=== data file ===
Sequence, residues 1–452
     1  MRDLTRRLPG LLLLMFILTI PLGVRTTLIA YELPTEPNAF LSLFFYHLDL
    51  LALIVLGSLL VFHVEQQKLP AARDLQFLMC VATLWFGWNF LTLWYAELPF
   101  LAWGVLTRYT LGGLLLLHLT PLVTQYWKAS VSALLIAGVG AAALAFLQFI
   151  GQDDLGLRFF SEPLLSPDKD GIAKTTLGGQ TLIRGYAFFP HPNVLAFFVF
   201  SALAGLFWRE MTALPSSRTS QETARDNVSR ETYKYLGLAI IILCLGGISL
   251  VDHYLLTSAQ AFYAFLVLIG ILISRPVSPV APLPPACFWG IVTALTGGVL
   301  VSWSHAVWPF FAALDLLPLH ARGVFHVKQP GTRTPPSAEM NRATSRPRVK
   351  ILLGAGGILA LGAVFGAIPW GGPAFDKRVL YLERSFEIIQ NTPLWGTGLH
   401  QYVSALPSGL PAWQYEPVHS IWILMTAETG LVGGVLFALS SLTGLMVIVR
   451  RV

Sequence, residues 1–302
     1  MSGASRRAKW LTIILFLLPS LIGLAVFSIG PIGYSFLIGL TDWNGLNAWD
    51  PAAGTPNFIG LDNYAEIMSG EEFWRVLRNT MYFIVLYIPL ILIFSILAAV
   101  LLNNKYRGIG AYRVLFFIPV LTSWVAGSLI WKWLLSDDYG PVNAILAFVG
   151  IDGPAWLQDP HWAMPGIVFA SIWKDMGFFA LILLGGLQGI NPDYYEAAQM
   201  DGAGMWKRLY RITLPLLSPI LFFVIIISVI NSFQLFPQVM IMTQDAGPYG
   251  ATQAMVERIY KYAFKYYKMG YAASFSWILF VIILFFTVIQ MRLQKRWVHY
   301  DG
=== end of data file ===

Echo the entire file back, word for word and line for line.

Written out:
Sequence, residues 1–452
     1  MRDLTRRLPG LLLLMFILTI PLGVRTTLIA YELPTEPNAF LSLFFYHLDL
    51  LALIVLGSLL VFHVEQQKLP AARDLQFLMC VATLWFGWNF LTLWYAELPF
   101  LAWGVLTRYT LGGLLLLHLT PLVTQYWKAS VSALLIAGVG AAALAFLQFI
   151  GQDDLGLRFF SEPLLSPDKD GIAKTTLGGQ TLIRGYAFFP HPNVLAFFVF
   201  SALAGLFWRE MTALPSSRTS QETARDNVSR ETYKYLGLAI IILCLGGISL
   251  VDHYLLTSAQ AFYAFLVLIG ILISRPVSPV APLPPACFWG IVTALTGGVL
   301  VSWSHAVWPF FAALDLLPLH ARGVFHVKQP GTRTPPSAEM NRATSRPRVK
   351  ILLGAGGILA LGAVFGAIPW GGPAFDKRVL YLERSFEIIQ NTPLWGTGLH
   401  QYVSALPSGL PAWQYEPVHS IWILMTAETG LVGGVLFALS SLTGLMVIVR
   451  RV

Sequence, residues 1–302
     1  MSGASRRAKW LTIILFLLPS LIGLAVFSIG PIGYSFLIGL TDWNGLNAWD
    51  PAAGTPNFIG LDNYAEIMSG EEFWRVLRNT MYFIVLYIPL ILIFSILAAV
   101  LLNNKYRGIG AYRVLFFIPV LTSWVAGSLI WKWLLSDDYG PVNAILAFVG
   151  IDGPAWLQDP HWAMPGIVFA SIWKDMGFFA LILLGGLQGI NPDYYEAAQM
   201  DGAGMWKRLY RITLPLLSPI LFFVIIISVI NSFQLFPQVM IMTQDAGPYG
   251  ATQAMVERIY KYAFKYYKMG YAASFSWILF VIILFFTVIQ MRLQKRWVHY
   301  DG